The center of political gravity of the United States shifted further south and west of the country on Monday, areas with the greatest Republican presence, as Texas, Florida, and other states of the so-called Belt of the Sun added seats in Congress, and colder areas like New York and Ohio lost them.
In total, the country’s population increased to 331,449,281 inhabitants, according to the Census Bureau, which represents an increase of 7.4%, which is the second slowest in history for 10 years.
The new distribution of seats in Congress occurs in the first release of data from the 2020 count. The numbers reflect familiar patterns of American migration and confirm a historical indicator: For the first time in 170 years with status, California is losing a seat in Congress, as a result of a decrease in migration in the most populous state in the United States.
The release of the Census data marks the official start of the redistricting battles held once a decade. Figures released Monday, along with more detailed information expected to be released in the coming months, will be used by state legislatures or independent commissions to redefine political maps to match demographic changes.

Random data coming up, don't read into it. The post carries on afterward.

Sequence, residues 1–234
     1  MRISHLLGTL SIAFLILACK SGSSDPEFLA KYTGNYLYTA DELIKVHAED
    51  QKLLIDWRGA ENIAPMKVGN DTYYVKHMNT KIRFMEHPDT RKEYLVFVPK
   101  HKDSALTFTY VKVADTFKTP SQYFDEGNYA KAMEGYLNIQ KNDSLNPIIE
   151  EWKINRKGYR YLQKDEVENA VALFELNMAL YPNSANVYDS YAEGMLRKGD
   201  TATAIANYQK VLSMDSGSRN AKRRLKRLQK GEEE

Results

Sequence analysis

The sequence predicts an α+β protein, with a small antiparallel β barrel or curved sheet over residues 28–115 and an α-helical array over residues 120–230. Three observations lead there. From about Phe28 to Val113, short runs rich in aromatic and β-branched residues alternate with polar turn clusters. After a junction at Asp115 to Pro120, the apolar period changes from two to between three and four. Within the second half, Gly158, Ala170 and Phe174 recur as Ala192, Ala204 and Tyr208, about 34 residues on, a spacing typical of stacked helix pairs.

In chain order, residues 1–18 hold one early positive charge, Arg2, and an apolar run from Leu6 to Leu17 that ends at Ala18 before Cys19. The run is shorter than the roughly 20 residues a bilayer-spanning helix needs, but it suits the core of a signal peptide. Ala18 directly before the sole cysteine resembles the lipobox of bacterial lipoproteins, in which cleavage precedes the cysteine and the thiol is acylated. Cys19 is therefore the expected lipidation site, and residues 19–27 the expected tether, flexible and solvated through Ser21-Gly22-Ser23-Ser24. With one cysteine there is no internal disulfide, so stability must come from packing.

Such adjustments were mostly to the west. Colorado, Montana, and Oregon added population and seats. Texas was the most benefited, as the second most populous state in the country added two seats in Congress. Florida and North Carolina got one more. Among the states that lost presence are Illinois, Michigan, Pennsylvania, and West Virginia.